The school that’s solving the vocations crisis
The summer term draws peacefully to its close. As far as my own involvement at school is concerned, it is already concluded. I have celebrated Mass and Benediction and spent the day hearing confessions for my last Friday of the academic year.
One of its highlights was a recent visit by the chaplain to the John Fisher School. This school was founded by Bishop Amigo in 1929, before the canonisation of its patron, hence its nomenclature. It is situated in leafy Purley within the M25.
The school is famous for the number of its alumni who have become priests or – perhaps to be more accurate – famous for continuing to produce priestly vocations long after the flow dried up elsewhere in the mid-1970s. Like the school to which I am chaplain, the Fisher School had priests on the teaching staff. We too have an honours board of old-boy priests inscribed with a name from most years until 1975, when the gaps start to get bigger and bigger. The last name was added eight years ago. By contrast, the John Fisher School has maintained its strike rate. Two years ago they added a further three names to the list.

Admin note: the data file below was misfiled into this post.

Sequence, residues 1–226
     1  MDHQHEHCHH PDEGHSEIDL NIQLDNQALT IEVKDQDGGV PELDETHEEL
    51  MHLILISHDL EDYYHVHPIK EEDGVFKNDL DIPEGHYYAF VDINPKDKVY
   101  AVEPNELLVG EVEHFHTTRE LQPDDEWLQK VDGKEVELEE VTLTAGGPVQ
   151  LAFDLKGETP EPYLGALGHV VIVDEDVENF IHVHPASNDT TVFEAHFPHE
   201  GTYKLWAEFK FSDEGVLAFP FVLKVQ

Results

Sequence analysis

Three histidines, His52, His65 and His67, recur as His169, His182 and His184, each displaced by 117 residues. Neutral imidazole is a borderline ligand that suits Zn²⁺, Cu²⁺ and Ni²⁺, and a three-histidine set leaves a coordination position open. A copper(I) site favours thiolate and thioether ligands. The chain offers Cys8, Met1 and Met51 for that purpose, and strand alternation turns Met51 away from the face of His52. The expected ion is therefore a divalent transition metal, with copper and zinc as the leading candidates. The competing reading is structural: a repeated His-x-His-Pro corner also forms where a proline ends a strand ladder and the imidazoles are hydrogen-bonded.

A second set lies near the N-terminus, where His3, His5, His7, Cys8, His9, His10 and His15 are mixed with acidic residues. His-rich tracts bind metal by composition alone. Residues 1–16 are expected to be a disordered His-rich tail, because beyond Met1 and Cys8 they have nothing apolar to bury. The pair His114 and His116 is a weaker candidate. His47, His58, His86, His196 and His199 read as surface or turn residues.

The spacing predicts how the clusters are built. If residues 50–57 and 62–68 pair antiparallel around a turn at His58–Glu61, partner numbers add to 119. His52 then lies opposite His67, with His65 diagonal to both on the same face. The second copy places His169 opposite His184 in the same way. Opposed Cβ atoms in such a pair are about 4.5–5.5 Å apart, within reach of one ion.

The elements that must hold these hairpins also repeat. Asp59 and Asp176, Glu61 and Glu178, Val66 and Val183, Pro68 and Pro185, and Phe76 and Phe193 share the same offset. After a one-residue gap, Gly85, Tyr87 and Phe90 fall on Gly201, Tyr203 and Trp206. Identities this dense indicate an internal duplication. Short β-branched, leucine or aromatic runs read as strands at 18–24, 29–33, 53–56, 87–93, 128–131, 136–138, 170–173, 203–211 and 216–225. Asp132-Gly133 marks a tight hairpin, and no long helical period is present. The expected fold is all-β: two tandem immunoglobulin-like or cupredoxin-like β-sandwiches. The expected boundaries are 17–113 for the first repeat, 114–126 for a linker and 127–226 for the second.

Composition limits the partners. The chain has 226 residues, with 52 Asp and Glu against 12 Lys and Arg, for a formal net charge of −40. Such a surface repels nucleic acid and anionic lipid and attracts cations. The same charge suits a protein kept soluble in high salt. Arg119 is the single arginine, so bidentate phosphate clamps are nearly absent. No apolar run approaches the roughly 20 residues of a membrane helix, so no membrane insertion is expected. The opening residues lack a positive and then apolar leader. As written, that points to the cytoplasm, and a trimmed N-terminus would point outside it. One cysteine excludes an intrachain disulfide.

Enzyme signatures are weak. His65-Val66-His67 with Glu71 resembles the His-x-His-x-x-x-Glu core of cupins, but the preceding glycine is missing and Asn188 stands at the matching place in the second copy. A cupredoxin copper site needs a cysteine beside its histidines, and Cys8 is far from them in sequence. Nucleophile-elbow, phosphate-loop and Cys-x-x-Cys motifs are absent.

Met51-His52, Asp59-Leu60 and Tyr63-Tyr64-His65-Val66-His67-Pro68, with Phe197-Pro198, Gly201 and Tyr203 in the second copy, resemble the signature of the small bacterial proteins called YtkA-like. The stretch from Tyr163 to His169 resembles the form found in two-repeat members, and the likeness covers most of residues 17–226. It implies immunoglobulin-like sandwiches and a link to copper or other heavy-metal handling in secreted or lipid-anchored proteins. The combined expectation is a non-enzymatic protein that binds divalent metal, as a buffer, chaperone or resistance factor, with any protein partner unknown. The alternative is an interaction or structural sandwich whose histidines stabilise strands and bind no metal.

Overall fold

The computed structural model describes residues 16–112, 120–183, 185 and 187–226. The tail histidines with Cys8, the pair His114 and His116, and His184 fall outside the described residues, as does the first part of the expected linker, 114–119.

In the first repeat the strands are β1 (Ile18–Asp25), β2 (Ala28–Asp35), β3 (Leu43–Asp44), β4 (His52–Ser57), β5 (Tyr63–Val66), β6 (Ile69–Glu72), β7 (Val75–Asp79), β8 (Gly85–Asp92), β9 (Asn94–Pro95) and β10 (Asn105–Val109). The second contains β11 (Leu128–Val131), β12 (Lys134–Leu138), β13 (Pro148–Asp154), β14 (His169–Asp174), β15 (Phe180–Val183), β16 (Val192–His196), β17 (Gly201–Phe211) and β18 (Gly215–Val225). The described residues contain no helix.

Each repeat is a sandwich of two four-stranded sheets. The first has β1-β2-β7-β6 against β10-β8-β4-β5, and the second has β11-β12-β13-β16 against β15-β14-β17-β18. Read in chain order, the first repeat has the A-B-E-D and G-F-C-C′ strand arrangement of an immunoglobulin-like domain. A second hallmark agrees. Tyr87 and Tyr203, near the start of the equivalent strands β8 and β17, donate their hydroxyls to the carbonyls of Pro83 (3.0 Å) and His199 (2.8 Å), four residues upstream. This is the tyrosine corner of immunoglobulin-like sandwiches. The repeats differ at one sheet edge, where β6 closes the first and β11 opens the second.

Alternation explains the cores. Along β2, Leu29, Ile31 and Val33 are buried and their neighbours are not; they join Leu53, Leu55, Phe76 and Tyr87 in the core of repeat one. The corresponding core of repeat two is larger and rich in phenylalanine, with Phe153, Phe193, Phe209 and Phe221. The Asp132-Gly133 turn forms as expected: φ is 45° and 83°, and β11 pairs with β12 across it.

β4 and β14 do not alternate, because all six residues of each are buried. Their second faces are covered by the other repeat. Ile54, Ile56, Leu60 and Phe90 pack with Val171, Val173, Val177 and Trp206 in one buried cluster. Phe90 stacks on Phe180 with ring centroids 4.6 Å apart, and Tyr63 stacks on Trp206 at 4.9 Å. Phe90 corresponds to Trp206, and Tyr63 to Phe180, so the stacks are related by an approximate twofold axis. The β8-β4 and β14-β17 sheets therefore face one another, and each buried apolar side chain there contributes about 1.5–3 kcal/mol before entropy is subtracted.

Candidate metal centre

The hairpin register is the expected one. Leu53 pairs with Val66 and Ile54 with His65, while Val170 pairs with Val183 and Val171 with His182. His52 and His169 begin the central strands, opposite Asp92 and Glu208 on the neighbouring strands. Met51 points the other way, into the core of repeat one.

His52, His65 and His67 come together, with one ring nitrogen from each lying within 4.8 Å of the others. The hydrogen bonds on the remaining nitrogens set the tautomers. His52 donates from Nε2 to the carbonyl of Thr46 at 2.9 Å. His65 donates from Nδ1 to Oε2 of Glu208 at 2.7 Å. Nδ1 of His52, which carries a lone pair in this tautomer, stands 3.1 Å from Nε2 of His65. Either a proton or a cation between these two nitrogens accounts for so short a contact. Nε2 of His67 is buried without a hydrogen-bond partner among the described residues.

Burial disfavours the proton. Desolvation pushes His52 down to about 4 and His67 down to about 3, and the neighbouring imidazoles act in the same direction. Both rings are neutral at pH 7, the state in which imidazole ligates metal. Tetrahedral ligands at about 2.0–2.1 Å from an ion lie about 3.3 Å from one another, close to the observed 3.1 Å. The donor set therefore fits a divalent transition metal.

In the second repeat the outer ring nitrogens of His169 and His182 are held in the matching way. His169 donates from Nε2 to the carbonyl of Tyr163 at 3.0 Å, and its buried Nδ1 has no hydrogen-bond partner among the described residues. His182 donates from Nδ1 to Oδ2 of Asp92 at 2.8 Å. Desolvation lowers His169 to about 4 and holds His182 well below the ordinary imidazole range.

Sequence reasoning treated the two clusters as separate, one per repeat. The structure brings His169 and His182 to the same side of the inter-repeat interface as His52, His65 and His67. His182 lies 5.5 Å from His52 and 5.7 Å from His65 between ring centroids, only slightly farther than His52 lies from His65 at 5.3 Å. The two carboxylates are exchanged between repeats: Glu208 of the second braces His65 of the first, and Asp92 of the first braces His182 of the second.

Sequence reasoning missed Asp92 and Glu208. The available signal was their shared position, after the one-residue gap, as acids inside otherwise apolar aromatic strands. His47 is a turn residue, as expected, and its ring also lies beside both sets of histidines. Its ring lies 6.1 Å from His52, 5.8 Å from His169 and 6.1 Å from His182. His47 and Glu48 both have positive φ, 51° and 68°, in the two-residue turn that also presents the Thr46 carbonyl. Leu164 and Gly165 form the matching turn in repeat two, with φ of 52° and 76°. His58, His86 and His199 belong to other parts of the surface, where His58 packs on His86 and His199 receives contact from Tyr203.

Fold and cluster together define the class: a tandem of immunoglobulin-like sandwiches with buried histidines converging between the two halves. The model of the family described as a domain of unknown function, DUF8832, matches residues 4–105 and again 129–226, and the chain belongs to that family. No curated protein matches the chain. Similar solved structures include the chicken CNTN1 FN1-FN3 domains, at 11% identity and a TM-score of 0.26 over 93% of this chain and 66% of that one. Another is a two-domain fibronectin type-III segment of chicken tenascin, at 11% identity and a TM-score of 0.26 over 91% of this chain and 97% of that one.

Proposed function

Over a cup of tea with the headmaster we discuss this phenomenon and the factors which might explain it. The presence of priests on the staff full time has to be of great significance. The John Fisher School retained them for far longer than we did and still has the ministry of a priest-chaplain for two days a week. (I use the term priest-chaplain for the sake of clarity. In fact, it is not permitted to apply the title “chaplain” to anyone but a priest, a custom now more honoured in the breach than the observance).
The John Fisher School was also the cradle of the Faith Movement. Several of the priests involved in its genesis were on the staff, as were some of the lay staff, like the redoubtable and inspiring head of the Religious Education department, Dan Cooper, the kind of teacher who becomes a legend in his own lifetime.
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